Who would have thought that barn cats could be a contentious issue. They are. I’ve been in a lot of barns and barn cats are necessary. They help to keep your barn pest free. Barns have rats, mice, snakes, birds. Barn cats help to reduce that. Barn cats are truly working animals. They have jobs, important jobs. In exchange for their work you provide them with proper medical care, a place to live and an occasional scratch. In the winter months you give them some supplemental food and maybe a heated water bowl depending on your climate. Barn cats shouldn’t be completely feral as you should be able to pick them up or at least get them in a carrier to get them to the vet once a year. Often they are pretty feral animals though which can make medical care a challenge. Unless of course you are in one of the barns I’ve been in, including the one I’m currently in. In that case what you have is big fat, overfed, over pampered, mollycoddled, house cats that just happen to live in a barn.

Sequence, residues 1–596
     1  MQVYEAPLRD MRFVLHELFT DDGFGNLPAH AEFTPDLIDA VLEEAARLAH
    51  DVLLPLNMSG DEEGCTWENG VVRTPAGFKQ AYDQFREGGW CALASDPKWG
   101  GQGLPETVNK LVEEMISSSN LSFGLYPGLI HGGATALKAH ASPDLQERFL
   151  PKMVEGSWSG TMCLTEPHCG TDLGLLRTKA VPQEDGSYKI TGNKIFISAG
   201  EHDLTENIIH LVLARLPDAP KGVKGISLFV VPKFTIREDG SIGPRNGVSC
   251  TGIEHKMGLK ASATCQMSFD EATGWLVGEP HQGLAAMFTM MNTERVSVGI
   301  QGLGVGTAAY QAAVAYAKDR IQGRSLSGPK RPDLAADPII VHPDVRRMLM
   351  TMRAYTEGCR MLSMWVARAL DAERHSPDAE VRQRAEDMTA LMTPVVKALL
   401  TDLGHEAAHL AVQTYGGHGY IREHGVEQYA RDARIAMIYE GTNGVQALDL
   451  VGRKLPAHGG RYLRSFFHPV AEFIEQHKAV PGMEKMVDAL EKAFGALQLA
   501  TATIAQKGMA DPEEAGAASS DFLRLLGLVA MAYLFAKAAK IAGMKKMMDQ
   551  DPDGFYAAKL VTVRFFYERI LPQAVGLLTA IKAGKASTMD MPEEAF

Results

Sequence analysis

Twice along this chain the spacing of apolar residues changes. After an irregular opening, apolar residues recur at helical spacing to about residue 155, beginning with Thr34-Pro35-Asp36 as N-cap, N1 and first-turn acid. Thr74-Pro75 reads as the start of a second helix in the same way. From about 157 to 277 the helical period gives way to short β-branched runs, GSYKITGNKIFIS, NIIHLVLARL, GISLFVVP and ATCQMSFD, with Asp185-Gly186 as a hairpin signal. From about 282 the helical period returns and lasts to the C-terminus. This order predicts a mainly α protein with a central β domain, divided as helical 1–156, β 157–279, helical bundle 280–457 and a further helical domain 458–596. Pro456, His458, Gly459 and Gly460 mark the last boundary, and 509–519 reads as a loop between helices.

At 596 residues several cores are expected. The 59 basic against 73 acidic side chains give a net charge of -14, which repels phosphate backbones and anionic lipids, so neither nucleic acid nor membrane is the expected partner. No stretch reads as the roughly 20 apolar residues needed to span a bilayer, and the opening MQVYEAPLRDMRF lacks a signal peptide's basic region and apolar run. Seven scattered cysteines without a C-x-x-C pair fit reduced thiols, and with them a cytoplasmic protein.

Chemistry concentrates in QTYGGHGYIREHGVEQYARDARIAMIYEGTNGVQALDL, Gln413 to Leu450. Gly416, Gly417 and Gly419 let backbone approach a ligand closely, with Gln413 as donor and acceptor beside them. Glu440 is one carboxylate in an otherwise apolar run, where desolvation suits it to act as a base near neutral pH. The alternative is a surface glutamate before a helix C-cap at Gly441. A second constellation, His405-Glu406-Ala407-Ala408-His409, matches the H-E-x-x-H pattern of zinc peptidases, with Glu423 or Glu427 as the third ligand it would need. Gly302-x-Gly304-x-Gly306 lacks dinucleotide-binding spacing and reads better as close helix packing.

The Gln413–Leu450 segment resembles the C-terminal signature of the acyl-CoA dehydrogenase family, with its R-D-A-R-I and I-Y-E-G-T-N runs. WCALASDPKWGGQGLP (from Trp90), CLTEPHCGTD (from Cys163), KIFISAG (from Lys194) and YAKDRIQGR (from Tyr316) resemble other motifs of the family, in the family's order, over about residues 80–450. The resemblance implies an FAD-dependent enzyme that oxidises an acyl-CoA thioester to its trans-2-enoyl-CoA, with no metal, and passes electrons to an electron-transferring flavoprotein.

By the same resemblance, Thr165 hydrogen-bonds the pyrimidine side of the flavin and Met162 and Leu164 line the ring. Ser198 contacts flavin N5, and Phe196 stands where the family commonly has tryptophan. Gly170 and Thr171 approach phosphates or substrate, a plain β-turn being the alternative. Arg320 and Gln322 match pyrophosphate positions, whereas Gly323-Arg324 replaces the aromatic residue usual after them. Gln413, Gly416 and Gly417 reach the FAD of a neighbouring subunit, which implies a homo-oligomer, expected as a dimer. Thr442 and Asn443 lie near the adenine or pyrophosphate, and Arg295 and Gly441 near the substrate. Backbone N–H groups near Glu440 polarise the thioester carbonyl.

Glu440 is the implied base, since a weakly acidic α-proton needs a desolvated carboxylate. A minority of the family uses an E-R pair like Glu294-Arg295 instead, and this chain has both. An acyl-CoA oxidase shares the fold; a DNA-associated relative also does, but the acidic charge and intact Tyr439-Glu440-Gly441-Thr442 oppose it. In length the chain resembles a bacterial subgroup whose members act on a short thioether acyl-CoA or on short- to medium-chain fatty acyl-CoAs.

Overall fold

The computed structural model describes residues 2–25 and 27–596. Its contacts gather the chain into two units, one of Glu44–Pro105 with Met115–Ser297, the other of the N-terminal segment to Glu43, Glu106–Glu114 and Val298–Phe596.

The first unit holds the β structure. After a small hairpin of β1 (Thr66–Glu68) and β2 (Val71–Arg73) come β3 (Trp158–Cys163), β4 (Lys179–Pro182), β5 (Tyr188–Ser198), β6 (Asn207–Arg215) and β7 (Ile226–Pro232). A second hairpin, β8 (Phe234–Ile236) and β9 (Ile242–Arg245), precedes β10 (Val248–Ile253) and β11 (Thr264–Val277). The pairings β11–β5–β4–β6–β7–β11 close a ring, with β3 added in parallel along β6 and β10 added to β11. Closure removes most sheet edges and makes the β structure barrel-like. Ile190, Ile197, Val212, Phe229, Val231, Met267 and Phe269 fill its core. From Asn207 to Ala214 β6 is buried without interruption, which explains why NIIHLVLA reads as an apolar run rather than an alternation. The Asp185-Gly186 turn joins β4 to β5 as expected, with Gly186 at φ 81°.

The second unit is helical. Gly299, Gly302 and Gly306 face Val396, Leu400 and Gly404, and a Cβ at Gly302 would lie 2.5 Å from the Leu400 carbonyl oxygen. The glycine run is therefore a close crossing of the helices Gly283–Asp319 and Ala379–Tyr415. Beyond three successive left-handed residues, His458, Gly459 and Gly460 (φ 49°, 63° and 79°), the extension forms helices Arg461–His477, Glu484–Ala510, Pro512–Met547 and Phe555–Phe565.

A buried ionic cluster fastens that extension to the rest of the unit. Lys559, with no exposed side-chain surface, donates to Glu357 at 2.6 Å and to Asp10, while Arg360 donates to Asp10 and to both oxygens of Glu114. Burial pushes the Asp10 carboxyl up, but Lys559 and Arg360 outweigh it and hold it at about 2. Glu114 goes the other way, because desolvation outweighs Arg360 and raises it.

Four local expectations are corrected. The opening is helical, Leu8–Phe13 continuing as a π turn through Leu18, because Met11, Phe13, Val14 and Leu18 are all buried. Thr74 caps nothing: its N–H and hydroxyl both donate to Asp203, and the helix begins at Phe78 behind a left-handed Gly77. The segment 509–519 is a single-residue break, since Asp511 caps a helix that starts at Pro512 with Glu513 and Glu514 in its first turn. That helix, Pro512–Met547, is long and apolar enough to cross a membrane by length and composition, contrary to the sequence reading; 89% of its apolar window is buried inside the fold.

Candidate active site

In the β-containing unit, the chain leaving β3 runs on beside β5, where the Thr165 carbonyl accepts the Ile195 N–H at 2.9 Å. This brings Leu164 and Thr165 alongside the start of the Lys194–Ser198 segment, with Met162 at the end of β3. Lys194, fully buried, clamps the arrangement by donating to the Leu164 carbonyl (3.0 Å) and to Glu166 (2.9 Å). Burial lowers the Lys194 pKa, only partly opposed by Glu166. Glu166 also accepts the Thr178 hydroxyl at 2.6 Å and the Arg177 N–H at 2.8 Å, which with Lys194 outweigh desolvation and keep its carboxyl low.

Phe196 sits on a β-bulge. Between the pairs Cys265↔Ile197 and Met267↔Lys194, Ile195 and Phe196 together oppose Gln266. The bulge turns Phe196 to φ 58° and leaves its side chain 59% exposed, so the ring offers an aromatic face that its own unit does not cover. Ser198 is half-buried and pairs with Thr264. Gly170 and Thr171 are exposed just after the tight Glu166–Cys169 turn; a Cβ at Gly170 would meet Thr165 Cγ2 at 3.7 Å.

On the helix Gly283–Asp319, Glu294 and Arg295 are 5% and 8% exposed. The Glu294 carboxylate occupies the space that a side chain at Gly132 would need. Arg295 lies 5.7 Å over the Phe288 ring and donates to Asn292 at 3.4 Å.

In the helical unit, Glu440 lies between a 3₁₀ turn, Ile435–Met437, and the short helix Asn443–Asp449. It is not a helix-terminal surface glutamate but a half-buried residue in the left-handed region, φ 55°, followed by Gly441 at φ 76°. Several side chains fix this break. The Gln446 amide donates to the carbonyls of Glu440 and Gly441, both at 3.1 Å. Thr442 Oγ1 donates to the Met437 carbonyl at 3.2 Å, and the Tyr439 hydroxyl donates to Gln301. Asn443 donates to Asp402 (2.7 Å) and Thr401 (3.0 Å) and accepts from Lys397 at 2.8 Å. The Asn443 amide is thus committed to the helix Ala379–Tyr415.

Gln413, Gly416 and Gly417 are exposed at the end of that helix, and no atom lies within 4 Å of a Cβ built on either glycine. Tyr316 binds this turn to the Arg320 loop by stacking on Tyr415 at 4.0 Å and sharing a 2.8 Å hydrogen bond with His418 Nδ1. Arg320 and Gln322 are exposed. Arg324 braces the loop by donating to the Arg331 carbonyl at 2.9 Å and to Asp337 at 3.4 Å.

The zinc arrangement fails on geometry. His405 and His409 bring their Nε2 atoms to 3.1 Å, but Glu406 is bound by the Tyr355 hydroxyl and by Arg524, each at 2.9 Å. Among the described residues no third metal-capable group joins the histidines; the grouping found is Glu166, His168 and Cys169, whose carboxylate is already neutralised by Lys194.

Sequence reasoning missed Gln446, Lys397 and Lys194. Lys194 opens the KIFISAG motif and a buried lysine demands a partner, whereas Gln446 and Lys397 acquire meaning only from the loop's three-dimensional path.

In my last barn we had four cats all ladies and I loved each and every one of them. Two cats lived in each barn. Only two out of the four cats actually hunted. The two that hunted, were really good hunters! I’d often watch them stalk a bird or a mouse until they got their prey. I always told them what good kitties they were when they caught a mouse a rat or a bird. I’d see one cat in particular always in the field next door looking for critters to catch. It was more sport with the two that did hunt because I never saw an empty food bowl. Never. They were given two kinds of food, treats and lots of pets and snuggles. The two that didn’t hunt were just house cats. Always asking to be lap cats, crying for treats and food. They were sweet kitties but they were hardly working animals. They were pets. In other words they hit the lottery. They were lotto kitties.